THE ICONIC WOODLAND CEMETERY IN STOCKHOLM
SEEN THROUGH THE EYES OF PHOTOGRAPHER
This year marks the 100th anniversary of the Stockholm Woodland Cemetery in Stockholm. Designed by architects Sigurd Lewerentz and Gunnar Asplund, it is one of the city's most stunning spaces – both when it comes to the architecture and the surrounding nature – and it has been on the Unesco World heritage site for 25 years. In 1915 the cemetery announced an international competition and the winning architects, Asplund and Lewerentz, were selected for their entry 'Tallum' – a unity of landscaping and buildings that has become one of the world’s leading architectural sites. While Lewerentz was responsible for much of the landscaping, Asplund designed some of the main buildings, such as the Woodland Chapel and the Woodland Crematorium with its three chapels. Their work reflects the development of Nordic classicism and functionalism and both have came to be seen as leading architects of the 20th century. Stockholm-based interior and architecture photographer Andy Liffner has spent a year documenting the space.
TNE Why did you pick Skogskyrkogården for your documentation?
AL I have returned to the cemetery for the last ten years. About five years ago I became very interested and fascinated by Gunnar Asplund. I was searching for good books on the subject but the ones that were available felt very dated both in its form and visual content. The idea was first to try to photograph as much as possible. Since I 'knew' the space and the fact that it is open to the public, I started there. And got stuck. The more time I spent there, I understood how complete the Woodland Cemetery is architecturally, but also on a spiritual level.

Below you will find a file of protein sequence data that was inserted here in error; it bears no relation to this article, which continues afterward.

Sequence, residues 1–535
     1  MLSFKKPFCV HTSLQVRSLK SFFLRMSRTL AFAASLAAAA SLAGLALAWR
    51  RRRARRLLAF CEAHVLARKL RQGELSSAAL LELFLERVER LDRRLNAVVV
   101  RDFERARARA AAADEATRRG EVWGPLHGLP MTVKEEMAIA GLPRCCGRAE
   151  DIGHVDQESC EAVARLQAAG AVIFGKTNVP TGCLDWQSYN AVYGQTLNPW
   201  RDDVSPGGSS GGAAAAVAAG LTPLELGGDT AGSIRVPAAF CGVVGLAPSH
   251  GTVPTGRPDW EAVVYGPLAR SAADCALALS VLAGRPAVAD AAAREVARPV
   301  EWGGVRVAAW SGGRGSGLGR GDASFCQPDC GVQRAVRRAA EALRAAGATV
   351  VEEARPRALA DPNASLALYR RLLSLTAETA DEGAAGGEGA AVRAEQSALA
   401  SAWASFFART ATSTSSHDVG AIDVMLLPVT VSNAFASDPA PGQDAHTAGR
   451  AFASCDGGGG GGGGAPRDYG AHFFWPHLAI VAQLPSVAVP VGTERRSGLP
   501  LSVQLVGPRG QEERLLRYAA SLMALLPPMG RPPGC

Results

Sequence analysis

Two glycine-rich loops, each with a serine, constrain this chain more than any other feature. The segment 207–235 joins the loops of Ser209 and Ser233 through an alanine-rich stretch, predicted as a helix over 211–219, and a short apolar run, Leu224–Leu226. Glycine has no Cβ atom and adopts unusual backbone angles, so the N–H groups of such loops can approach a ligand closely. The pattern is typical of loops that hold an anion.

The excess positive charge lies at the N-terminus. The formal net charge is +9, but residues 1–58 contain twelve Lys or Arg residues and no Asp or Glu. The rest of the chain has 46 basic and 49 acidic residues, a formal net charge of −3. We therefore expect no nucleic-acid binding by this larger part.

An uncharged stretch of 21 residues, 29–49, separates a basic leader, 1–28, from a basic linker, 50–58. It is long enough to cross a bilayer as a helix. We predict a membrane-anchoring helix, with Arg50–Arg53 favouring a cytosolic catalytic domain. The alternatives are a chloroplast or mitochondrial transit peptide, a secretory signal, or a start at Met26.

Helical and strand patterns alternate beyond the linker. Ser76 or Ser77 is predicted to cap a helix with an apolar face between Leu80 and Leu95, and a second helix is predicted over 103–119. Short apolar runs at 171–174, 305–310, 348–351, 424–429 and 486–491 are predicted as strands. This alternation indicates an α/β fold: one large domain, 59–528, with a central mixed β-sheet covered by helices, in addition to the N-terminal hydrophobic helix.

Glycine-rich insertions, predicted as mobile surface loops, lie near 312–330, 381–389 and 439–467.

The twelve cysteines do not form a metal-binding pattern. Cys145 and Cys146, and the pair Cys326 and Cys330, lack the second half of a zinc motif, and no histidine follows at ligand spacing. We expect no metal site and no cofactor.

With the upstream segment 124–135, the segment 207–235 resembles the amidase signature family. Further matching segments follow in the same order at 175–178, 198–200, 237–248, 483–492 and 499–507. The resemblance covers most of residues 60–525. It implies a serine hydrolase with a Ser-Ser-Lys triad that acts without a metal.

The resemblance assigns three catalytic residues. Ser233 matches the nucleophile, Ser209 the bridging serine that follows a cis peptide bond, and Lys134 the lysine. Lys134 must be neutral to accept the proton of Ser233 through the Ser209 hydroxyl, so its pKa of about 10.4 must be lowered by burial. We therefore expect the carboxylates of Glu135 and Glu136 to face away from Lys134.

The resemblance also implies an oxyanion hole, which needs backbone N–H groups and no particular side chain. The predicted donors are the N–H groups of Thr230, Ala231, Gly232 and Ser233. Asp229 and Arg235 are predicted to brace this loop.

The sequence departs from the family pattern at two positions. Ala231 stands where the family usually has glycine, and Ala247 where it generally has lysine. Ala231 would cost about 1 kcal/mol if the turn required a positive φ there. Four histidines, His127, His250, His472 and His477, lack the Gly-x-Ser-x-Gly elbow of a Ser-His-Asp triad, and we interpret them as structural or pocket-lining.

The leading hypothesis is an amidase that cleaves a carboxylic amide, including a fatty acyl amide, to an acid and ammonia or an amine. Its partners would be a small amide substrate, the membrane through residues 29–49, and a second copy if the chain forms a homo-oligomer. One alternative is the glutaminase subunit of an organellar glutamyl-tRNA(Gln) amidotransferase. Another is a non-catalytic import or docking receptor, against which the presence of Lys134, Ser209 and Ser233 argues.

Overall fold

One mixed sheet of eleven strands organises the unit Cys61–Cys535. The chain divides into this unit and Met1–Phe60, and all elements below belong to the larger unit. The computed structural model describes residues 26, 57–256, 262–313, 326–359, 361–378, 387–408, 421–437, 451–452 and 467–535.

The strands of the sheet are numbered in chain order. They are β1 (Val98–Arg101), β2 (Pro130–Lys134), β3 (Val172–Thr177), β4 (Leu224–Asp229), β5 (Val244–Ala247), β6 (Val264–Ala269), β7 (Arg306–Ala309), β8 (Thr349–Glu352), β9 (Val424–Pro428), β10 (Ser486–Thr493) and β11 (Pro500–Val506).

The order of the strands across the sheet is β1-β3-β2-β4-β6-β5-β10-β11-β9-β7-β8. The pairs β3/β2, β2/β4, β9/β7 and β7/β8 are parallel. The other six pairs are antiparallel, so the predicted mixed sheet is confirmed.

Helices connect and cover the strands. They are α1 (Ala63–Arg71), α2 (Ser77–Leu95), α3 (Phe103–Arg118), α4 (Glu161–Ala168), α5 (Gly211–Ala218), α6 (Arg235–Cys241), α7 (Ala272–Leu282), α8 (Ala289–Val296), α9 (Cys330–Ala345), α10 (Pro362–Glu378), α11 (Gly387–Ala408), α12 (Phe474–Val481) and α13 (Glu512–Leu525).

Andy Liffner has worked as an interior, architecture and lifestyle photographer for the past 10 years. He is a regular contributor to T–N–E. What made him choose this career path? A guest lecturer during his photography studies told him that the camera is like a universal key that will open doors to places not everyone gets to experience. Since then he has been stuck.
Jonna Dagliden Hunt
TNE What fascinates you with this spot?
AL World-class architecture and a spiritual element that is difficult to put your finger on. The Japanese have a word, Ma, which is the negative space. The in between space is as equally spiritual and important. If you stand on the hill between the Chapel of the Holy Cross and Almhöjden, this Ma is present. The air counts as much as the landscape and architecture. It's the same when you walk on the Seven Wells path. You are in an incredibly beautiful forest but at the same time in a cemetery, surrounded by silence and fantastic landscapes and architecture.
TNE What feeling did you want to capture?
AL First, I wanted to make a classic architectural documentation. But then I saw that I was more drawn to the spaces and the details. The pictures I finally liked the most were the ones that tried to show the beautiful instead of the technical.
TNE How can you see a space with different eyes?
AL Wow, I guess I'm always looking for angles and looking for light. It's probably a photographer's curse. Seeing the world through a square.
TNE How many pictures did you take all in all? During how long time?
AL I have about 500 raw images. 250 of these I think are ok. About 100 I think is good. I was there about 10 times throughout 2018. The more I was there, I knew what times I would be in place for the light to shine in the right place. And to take the same picture again during different seasons and lighting conditions.
TNE What are you planning to do with them?
TNE My plan has always been to make a book. I think it's the ultimate way to look at photography. I'm currently looking for the right person to publish it...
"The more time I spent there, the more I started to understand the place and the movements of the light throughout the day. I kept going back taking the same picture in different seasons and lighting conditions."